Now I’d grown accustomed to being watched, particularly by people over 60, ever since I’d moved to Naples. From balconies, windows, and motorcycles, my retired neighbors would both watch and openly discuss me. Once, an old man in a pinstripe suit approached me at the bar. “I saw you buying groceries yesterday. Gatorade and cookies and chips. Why?”
This particular old woman, Maria, looked kind; her inspection of me was not malicious, but gentle, almost thoughtful. I sat down on the chair next to hers.
In a matter of minutes, she became an old friend. Maria was an eighty-three-year-old, born-and-raised napolitana, currently living with her youngest (and unmarried) grandson, Antonio, a wild-eyed, perpetually shirtless man in his early forties, who ran outside to offer me a beer the moment I sat down. I sipped my Peroni as Maria told me about her eight children, reminding me, again, that Antonio was not married. She’d periodically interrupt her anecdotes to grab my hand and insist I drink faster. “With this sun, the beer will get hot.”
The beer was still cold, and Antonio, still shirtless, clutched his stomach and stuck his head outside. “Quick, quick!”
The faux urgency rolled over me, as intended, and I sat with Maria, for hours. And Maria would continue sitting for hours after I left. All the while, there was noise. Screaming and vrooming and meowing and sizzling and taunting and singing. If you sit for long enough, the noise seeps in through your pores and becomes you. Your insides are Naples, and Naples’ insides are you.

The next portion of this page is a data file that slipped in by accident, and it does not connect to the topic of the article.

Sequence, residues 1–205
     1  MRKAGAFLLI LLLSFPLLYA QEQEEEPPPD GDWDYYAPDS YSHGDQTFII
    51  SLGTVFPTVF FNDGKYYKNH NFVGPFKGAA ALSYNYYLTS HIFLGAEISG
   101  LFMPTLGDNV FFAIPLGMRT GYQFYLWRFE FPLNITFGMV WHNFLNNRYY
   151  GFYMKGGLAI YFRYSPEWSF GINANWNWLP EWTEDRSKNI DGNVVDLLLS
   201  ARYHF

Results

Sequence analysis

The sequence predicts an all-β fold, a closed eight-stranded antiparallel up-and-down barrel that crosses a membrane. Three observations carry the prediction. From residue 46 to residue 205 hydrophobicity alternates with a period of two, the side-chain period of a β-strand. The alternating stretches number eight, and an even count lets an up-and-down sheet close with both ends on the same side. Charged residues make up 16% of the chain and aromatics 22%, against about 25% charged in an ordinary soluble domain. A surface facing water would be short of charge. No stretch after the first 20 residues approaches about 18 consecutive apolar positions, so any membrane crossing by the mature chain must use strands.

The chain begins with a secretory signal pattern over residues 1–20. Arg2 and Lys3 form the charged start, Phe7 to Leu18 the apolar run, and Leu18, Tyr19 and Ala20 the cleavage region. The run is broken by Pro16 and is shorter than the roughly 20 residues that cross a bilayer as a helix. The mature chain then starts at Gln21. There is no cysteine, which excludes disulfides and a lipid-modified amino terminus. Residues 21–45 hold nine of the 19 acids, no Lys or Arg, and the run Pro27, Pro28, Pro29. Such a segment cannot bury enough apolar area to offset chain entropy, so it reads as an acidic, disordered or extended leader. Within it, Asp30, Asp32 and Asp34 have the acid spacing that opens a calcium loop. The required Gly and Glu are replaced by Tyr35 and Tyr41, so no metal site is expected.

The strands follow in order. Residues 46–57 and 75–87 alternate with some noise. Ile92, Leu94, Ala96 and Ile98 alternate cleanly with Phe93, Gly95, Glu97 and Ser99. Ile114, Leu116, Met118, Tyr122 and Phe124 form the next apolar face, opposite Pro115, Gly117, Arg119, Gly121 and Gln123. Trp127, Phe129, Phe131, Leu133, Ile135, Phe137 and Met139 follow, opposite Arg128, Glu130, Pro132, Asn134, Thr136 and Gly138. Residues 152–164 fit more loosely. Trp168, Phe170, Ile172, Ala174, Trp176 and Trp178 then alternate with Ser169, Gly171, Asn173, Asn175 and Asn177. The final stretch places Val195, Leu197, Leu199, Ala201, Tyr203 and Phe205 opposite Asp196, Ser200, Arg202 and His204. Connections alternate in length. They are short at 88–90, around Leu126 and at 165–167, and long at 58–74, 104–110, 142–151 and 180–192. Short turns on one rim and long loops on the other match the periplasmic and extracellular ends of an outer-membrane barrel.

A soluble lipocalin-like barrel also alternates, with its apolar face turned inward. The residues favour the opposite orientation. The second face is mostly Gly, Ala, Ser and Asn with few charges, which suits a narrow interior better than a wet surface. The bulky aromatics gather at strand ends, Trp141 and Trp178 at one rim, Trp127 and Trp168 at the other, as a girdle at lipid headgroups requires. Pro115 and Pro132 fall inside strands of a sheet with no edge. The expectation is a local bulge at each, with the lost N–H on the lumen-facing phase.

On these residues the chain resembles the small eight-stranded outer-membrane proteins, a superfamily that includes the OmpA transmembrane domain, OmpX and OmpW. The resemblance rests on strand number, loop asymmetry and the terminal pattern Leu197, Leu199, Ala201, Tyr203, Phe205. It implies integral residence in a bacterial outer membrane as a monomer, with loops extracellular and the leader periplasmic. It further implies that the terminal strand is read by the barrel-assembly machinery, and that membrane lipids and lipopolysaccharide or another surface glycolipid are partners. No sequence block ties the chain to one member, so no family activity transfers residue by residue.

Though reluctant to exaggerate, I’m very comfortable with the following declaration: there is no silence in Naples. Not in churches, not in alleys, and especially not at six in the morning, when garbage trucks make their rounds and dogs settle their scores. The first night I attempted sleep in my apartment, an array of noises wafted through my window: shrieking cats, shrieking vespas, a pack of middle-aged men singing “Summer of 69,” a family washing dishes, and at least four distinct heated arguments, all concerning food.
I stepped onto my tiny balcony, resisting the urge to scream “BASTA!” and throw clothespins at the sound offenders. Instead, I made an important decision: I chose to sit. Just as I had with my old friend Maria earlier in the day.
The streets are so narrow in the quartieri spagnoli that from my balcony, I could see into six different homes spanning three floors. Due of the ruthless Neapolitan heat, residents keep their windows and balconies open, so not only can you see other people’s business, you hear and smell it, too. (And on unlucky days, you step in it.)
You will find no notions of outside or inside. Here, the concept of privacy falls somewhere on the spectrum between nonexistent and joke. Napolitani bring their living rooms to the streets. They assemble tables and chairs outside of their homes, where they’ll sit amidst swarms of swerving Vespas and agitated children. When you walk through the cobblestone streets, you weave in and out of dogs, babies, chairs, motorcycles. When you sit in the cobblestone streets, you both see and are everything. Clothespins will fall on your head, from high, high above you. Strangers will offer you sfogliatelle. A dog will eat the sfogliatelle out of your hand.
I sat with Maria the next day, and then the next, and for weeks after that. I explored the city through stoops, lawn chairs, benches; I made my friends, and I sat with them, for hours, because the day is hot and long, and I had nowhere to be but everywhere.